The Syrian activist, Sundus Suleiman, attended Syrian opposition meetings carrying her baby Tamarod (Rebellion). Suleiman is said to be the Arab version of the former Italian MP, Licia Ronzulli, who used to attend European Parliament sessions with her toddler.
The news was spread on several websites and newspapers, but what is noticeable about it is the tendency to praise Suleiman by calling her "the sister of men" (idiomatic expression that means the equal of men). Many women have received the same compliment whether for their strength of character or their achievements in politics, economics, society or humanitarian work.
Historically, the Arabic language also described women as "rajoula” (a feminized adaptation of the word man) and “the sister of Arabs.” Thus; similar expressions appear in the holy testaments, such as "the daughter of Zion" or "the sister of Aaron" to refer to the Virgin Mary.
Arabs used the term “rajoula” to refer to strong women because they believed that the word “woman” cannot convey meanings of strength and might; while trying to adapt the word “man” to the linguistic requirements of gender and biological differences between the two sexes by adding a letter in the end. Hence, the term "a sister of men” is also used out of the conviction that women cannot stand independently and achieve things without being someone’s sister or daughter.
This is one of the eternal classifications that see masculinity as strength and femininity as weakness, men as complete and women as incomplete. In the best of circumstances, women should smile if they are told that they are the sisters of men or a woman worth a thousand men.
On the other hand, women who cut their hair short or wear baggy clothes turn into a tomboy rather than a man. There is a wide difference between the word “rajoula” which the Arabs use to praise women and the term “mostarjela” (tomboy) which is meant to highlight acts of fakeness and pretending. Exhibiting masculine characteristics in our societies is subject to strange criteria, as women are required to imitate men when it comes to courage and strength, not by having short haircuts!
However, a woman who is known as the "sister of men" can turn in a second to a "tomboy" and a "harlot", when she uses her power in a way that harms male interests in society and threatens the prevailing pattern of flat concepts, which signify that masculinity is synonymous to magnanimity, chivalry and strength, while femininity must submit at the end to a fate of weakness, submission, and accepting to be crushed under men’s ego.
While women have been recurrently referred to in ancient mythology as the source of strength, fertility and inspiration, Arab and non-Arab societies have fallen backward at many eras to label women as weak creatures who manage sometimes to be just "the sisters of men."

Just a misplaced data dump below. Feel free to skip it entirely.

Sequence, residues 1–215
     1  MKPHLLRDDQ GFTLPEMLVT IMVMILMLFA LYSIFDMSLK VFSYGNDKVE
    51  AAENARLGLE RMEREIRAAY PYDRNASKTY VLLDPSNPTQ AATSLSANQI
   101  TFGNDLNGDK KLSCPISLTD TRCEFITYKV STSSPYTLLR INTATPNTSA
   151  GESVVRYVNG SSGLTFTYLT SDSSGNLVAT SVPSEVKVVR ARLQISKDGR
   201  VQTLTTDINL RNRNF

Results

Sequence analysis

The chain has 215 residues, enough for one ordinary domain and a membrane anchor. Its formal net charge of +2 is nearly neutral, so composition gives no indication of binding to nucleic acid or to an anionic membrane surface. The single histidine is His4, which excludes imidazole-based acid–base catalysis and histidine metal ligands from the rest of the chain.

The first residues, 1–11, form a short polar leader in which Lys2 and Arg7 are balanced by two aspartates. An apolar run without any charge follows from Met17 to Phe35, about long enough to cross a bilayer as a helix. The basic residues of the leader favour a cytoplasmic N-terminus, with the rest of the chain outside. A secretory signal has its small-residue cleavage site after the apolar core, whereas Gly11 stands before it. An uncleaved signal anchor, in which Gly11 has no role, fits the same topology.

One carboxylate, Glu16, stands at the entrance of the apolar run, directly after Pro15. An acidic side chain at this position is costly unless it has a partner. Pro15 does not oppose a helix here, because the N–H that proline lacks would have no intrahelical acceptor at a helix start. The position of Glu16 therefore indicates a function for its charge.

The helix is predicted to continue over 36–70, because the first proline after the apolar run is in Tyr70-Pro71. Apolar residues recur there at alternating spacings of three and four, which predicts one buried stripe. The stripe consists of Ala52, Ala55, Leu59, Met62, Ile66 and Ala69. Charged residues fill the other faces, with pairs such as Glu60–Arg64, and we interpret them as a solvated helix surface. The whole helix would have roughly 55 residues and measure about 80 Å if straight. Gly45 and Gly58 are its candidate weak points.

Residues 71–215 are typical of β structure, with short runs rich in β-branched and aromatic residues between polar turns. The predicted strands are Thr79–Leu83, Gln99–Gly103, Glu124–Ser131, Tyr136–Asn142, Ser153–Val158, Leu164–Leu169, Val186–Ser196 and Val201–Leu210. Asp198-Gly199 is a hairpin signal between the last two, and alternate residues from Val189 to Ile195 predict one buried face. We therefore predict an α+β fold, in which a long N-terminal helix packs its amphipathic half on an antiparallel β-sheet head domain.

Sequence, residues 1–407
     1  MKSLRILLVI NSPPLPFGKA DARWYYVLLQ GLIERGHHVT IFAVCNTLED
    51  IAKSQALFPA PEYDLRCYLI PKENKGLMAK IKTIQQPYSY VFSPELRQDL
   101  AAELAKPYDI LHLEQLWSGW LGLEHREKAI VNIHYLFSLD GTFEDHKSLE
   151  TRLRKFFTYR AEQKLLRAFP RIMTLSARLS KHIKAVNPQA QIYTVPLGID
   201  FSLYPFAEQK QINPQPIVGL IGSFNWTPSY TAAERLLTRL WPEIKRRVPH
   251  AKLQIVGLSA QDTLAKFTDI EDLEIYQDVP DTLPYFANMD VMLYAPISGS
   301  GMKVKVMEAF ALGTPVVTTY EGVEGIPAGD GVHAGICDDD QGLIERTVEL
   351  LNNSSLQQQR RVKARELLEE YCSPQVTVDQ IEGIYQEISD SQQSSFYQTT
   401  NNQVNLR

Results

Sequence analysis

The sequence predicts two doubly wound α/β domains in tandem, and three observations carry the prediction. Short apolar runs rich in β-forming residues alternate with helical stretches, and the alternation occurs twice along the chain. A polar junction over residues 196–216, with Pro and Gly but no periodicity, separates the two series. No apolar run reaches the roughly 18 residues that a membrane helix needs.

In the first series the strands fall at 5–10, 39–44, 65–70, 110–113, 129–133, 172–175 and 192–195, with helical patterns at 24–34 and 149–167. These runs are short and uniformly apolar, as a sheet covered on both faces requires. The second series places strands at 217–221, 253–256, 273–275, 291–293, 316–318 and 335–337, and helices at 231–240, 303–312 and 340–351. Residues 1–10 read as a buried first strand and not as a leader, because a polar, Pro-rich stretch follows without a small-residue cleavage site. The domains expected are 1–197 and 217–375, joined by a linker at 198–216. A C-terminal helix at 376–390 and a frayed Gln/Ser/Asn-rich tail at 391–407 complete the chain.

The patriarchal powers have fought women in trousers for more than 200 years, considering them as violators of the prevailing laws and the safety and stability they constitute for the phallocentric system managing states and societies. The trousers on women's bodies were considered as a fake and rejected imitation of men, the kings of the world and the origin of everything.
In the nineteenth century, with the height of the romantic era in France, Aurore Dupin admired the gatherings of writers and thinkers in Paris, but this was not permissible for women. So Dupin turned into George Sand, who was born in 1802 to a Swedish-German family that settled in France. Dupin managed to join the meetings of male literary figures with her short hair and men's hat and trousers, which was a real shock to her generation. Aurore Dupin or George Sand was one the outstanding women that the late Lebanese writer Emily Nasrallah immortalized in her Pioneer Women (Nisaa' Ra'idat).
The short haircut for women is called "à la garçonne" in French, as the word "garçon" means a boy, and the phrase means imitating a boy.
It appears that resisting male power was only possible by imitating men, entering their fields and wearing their trousers. Hence, the male response to that was by considering the successful or strong woman as a mere "sister of men" or a "tomboy".
In recent years, the trousers dilemma has re-emerged in the regions controlled by ISIS, as women were banned from wearing pants and forced to wear the black Niqab, in a new attempt to wipe out women’s presence and suppress them. The same pattern is reduplicated now in the Houthi controlled areas in Yemen, with women being prevented from working and learning and compelled to abide by the Islamic dress code.
As for the women who participated in the fighting in the Kurdish regions or other Syrian regions, and carried weapons and wore the uniform of warriors, they were classified by those who supported their factions or their party, as "the sisters of men'', while they were considered by the enemies as "tomboys" and "whores.”
On the other hand, men are considered men as long as they fight with cold hearts and tearless eyes, otherwise they will be degraded directly and become "sissy", "cry like women", "fear like women", or "babble like women."
Patriarchal societies are now facing an enormous number of "sisters of men," the women who have entered politics and economy and become breadwinners for their families as well as pioneers in their fields. It is a big problem in deed. I fear that men will not be able to label all those wonderful women, with the expression "sisters of men", and they will soon have to get used to it, just as they unwillingly accepted to normalize with trousers on women's bodies and short haircuts on their heads.